WHEN Woodlands residents Gerry and Renata Downing walked their beloved four-legged friend around Jackadder Lake Reserve last month, the last thing they expected was to be attacked.
The couple, who walk their labrador Memphis every day, were left with bite wounds requiring plastic surgery to their hands, while Memphis was treated for bite wounds to her paw.
Mr Downing said he and his family had been left traumatised by the incident, which he believed was caused by a brindle bulldog, and while the reserve was an “off-leash” parkland, he urged dog owners to be more responsible.
“After our attack, the three of us were left there, shocked, traumatised, bleeding and in pain while the woman took her dog, put him in her car and drove away,” Mr Downing said.
“We love dogs but we feel that dogs should be on a leash around Lake Jackadder because it is a very small and congested park.
“Dogs on leash would allow all the people using that facility to enjoy their day or walk in peace without the fear of being hassled or annoyed trying to fend off a dog.”
Mr Downing added owners should ensure dogs that were not good at obeying commands or had experienced trauma in the past, should also be kept on a leash.
Earlier this year the City of Stirling carried out extensive community consultation to establish whether the reserve should become a ‘dog on-leash’ area.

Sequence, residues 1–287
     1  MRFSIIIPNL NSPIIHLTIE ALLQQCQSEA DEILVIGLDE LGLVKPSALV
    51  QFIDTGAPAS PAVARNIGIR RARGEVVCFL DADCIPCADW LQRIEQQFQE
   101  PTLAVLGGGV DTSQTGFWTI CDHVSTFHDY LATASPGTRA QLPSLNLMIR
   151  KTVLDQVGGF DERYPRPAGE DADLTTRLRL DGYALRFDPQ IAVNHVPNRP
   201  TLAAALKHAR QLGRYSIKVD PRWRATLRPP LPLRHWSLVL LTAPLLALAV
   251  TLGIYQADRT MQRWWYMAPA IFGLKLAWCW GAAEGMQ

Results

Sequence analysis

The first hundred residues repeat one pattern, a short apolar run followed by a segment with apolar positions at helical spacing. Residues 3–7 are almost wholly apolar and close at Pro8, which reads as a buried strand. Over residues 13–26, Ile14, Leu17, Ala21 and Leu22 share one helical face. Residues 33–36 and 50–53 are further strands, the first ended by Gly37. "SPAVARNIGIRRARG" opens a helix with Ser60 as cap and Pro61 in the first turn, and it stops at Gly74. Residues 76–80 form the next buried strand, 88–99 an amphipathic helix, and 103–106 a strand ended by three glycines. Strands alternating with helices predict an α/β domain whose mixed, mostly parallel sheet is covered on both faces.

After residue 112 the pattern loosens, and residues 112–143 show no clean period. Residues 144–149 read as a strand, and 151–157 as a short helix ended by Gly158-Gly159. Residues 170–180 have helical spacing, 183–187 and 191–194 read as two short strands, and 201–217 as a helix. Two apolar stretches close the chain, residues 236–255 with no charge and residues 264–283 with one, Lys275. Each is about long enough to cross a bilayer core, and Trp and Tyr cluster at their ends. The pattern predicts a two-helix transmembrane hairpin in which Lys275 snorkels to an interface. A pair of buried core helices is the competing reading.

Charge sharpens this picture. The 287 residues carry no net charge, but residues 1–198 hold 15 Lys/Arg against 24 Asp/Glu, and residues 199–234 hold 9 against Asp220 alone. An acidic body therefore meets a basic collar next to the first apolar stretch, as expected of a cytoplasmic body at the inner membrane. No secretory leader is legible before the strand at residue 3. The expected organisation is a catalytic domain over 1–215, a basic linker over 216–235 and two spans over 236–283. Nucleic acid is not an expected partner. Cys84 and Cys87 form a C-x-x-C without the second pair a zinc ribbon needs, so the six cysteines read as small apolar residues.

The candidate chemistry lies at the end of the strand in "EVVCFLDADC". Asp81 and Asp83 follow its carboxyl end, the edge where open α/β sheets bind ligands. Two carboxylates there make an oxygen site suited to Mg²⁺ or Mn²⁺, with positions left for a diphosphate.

Nearly 600 people completed the survey resulting in 82 per cent of respondents in favour of keeping the area an ‘off-leash’ area.
Mr Downing said he was aware of the survey but did not believe it was the “majority voice” of the community, nor a rule for every dog.
“Jackadder is an environmentally sensitive area, including wildlife, water and flora,” he said.
“Dogs should be on a leash in this area so they do not cause any damage to this environment.
“Many people are fearful of dogs. We have been fortunate to have a dog to love and this has changed us but we understand that many people are still uncomfortable with dogs.”
City of Stirling Community Safety acting manager Brett Spencer said the City was aware of the incident and supported the view of responsible ownership.
“The City fully supports Mr and Mrs Downing’s view in respect to responsible dog ownership and the City is working through its community engagement strategies and ranger services to educate and promote this to dog owners and the broader community,” he said.
“An investigation was commenced to compile all relevant information so the matter could be progressed when the owner of the offending dog was identified.
“All avenues, including social media, are being used in an attempt to identify the offending dog owner.”